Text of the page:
Explanation ATEX

What does ATEX mean?

ATEX is derived from the French "ATmosphère EXplosible" and includes the product directive 2014/34/EU, which has been in force since April 2016, and the worker protection directive 1999/92/EC of the European Union in explosion protection. Devices, equipment and protective systems used in potentially explosive atmospheres in EU Member States must transpose the standards defined in the directives into national law.

The ATEX guideline is intended to protect persons who work in potentially explosive atmospheres or who may be affected by explosions. The employees have to strictly observe the essential health and safety requirements by the manufacturer and certify that by means of conformity assessment procedures. The ATEX directive applies to explosion-proof, electrical and mechanical devices, components and protective systems. Only these may be used in potentially explosive atmospheres since 1 July 2003. In Germany, the Explosion Protection Product Ordinance transposed the EU directive into national law.

When handling substances that react with oxygen, there is a risk of explosion if it is in a room volume with a certain partial pressure or as fine-grained dust in the air. It is an explosive gas-air mixture when the fraction of flammable gas or a vaporized liquid is between the upper and lower explosive limit. Distributing flammable substances in the air can create an explosive atmosphere.

Explosion triangle: Combustible material, oxygen and ignition source cause an explosion

Primary explosion protection: Avoid explosive atmospheres

Secondary explosion protection: Avoid effective sources of ignition

Tertiary explosion protection: Constructive explosion protection

A classification of devices that can be used in potentially explosive atmospheres has been divided into three groups since the introduction of EN 60079-0: 2009.

Group I

Group II

Group III

Firedamp threatened mines

- depending on explosive substance

- Hazards increase from A to C

Explosive gases of some types of protection (EX i, EX d, Ex n) are subdivided into the following subgroups:

  • IIA

  • IIB

  • IIC


Dusts are divided into

  • Fiber IIIA

  • Non-conductive dusts IIIB

  • Conductive dusts IIIC



Ex d = Pressure proof encapsulation
Ex i = own safety

Ex n = depending on type, Ex nA, Ex nL or Ex ic



Subgroup A: gasoline, diesel, ethane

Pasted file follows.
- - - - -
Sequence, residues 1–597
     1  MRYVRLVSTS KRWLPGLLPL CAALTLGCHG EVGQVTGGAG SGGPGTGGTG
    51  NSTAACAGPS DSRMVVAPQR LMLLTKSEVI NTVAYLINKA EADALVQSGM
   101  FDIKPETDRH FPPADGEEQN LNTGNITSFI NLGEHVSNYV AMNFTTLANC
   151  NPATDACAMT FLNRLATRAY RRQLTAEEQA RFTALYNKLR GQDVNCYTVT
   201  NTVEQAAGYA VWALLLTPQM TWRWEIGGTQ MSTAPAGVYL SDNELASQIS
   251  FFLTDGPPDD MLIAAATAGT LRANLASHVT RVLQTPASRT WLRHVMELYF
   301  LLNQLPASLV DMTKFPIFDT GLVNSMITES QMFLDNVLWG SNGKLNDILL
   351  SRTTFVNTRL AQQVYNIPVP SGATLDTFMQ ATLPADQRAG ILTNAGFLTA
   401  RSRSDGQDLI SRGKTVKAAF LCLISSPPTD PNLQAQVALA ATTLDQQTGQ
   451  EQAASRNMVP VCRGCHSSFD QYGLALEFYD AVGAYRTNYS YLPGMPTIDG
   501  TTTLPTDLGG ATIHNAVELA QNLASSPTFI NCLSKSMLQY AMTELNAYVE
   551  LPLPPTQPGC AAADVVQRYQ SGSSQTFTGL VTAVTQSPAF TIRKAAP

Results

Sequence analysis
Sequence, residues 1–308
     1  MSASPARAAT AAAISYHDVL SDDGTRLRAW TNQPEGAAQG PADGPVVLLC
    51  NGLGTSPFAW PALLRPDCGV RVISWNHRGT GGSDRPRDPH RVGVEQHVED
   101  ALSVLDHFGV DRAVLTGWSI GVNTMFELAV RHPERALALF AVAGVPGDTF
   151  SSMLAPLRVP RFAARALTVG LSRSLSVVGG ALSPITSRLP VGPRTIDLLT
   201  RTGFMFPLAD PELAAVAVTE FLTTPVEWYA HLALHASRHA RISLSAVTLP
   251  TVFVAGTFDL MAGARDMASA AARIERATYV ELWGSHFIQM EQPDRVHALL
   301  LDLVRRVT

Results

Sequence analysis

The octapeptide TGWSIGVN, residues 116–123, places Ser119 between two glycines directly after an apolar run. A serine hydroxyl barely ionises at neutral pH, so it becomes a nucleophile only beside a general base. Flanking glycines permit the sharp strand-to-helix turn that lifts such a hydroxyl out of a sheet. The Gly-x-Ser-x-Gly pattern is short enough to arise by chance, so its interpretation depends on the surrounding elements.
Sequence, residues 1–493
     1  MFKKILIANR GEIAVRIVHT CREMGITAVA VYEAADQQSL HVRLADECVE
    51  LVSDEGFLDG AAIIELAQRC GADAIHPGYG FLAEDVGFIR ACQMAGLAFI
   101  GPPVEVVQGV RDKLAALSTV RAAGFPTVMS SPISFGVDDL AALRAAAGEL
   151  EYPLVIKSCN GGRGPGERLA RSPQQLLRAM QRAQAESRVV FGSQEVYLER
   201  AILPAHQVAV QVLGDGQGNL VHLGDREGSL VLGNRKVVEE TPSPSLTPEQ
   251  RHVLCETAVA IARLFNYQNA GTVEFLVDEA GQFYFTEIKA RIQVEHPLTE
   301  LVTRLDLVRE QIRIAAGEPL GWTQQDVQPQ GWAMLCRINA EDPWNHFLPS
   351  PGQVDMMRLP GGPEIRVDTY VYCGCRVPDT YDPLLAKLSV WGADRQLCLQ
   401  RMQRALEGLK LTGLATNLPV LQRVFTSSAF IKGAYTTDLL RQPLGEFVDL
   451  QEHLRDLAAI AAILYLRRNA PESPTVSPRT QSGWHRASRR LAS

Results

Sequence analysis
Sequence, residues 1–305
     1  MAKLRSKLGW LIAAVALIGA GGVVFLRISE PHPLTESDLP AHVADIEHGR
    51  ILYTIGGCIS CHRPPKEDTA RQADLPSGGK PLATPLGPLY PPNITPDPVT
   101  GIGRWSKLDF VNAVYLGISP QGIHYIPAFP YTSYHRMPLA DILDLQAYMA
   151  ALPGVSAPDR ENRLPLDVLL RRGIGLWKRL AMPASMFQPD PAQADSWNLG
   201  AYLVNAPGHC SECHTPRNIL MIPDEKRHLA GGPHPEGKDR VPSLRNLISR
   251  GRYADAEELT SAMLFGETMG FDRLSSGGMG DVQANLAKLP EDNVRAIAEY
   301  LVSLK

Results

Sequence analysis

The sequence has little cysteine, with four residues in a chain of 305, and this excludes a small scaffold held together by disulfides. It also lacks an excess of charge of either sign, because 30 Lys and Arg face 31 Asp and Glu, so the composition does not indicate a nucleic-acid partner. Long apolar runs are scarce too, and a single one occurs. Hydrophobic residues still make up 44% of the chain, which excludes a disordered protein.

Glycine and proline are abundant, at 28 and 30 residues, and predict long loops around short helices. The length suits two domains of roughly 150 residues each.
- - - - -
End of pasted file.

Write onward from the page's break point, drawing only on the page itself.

Subgroup B: town gas, ethylene, hydrogen sulfide

Subgroup C: hydrogen, carbon disulfide


If a system is operated in accordance with ATEX 137, approved inspection bodies have to regularly inspect it in accordance with the operational safety ordinance. Qualified persons have vocational training, experience and have recently done the job to have the necessary specialist knowledge. Devices must completely prevent the ignition of explosive atmospheres or at least reduce the effect to a sufficient safe level. In Germany, the TÜV Süd tests the systems.

When products require a production control, a notified body gives them the CE marking. It applies to devices or systems with an EC-Type Examination Certificate issued by a notified body (electrical equipment 0, 20, 1, 21 incl. internal combustion engines) and mechanical equipment for zones 0, 20.

Devices and protective systems covered by the directive require a CE marking, an EC declaration of conformity (confirmation of compliance with essential health and safety requirements) and a conformity assessment procedure. Only in this case products may be available for payment or free of charge on the EU market.

TBH also offers systems for extraction from explosion-proof areas (except mining). The devices comply with the applicable ATEX product guideline 2014/34 / EU and the standard DIN EN 1127-1: 2007. Systems of a category may only be used for certain zones, e.g. Category 2 devices are only permitted for zone 1 (for gases and vapors) or for zone 21 (dusts).

To ensure the correct extraction, the following questions must be answered:

  • What is extracted?
  • How much is released?
  • Can the released amount be reduced?
  • How is the contaminated air detected?
  • Are there any fixed ATEX zones or other regulations?
  • Is there an ignition hazard analysis and is it necessary?


From these findings, the operator determines the zones in his production. For this purpose, an ATEX consulting service provider can be used. This can also create an explosion protection document. If the risk has been assessed by the released substances and the zones have been classified, the appropriate extraction system can be selected. For this, TBH employees check the process parameters (dust or gas quantity, acquisition, required air volume flow, etc.) and the zone classification of the customer.

Do you have any more questions on ATEX and how to purify air in ATEX zones? Call us at +49 (0) 7082/ 9473-0 or send us a message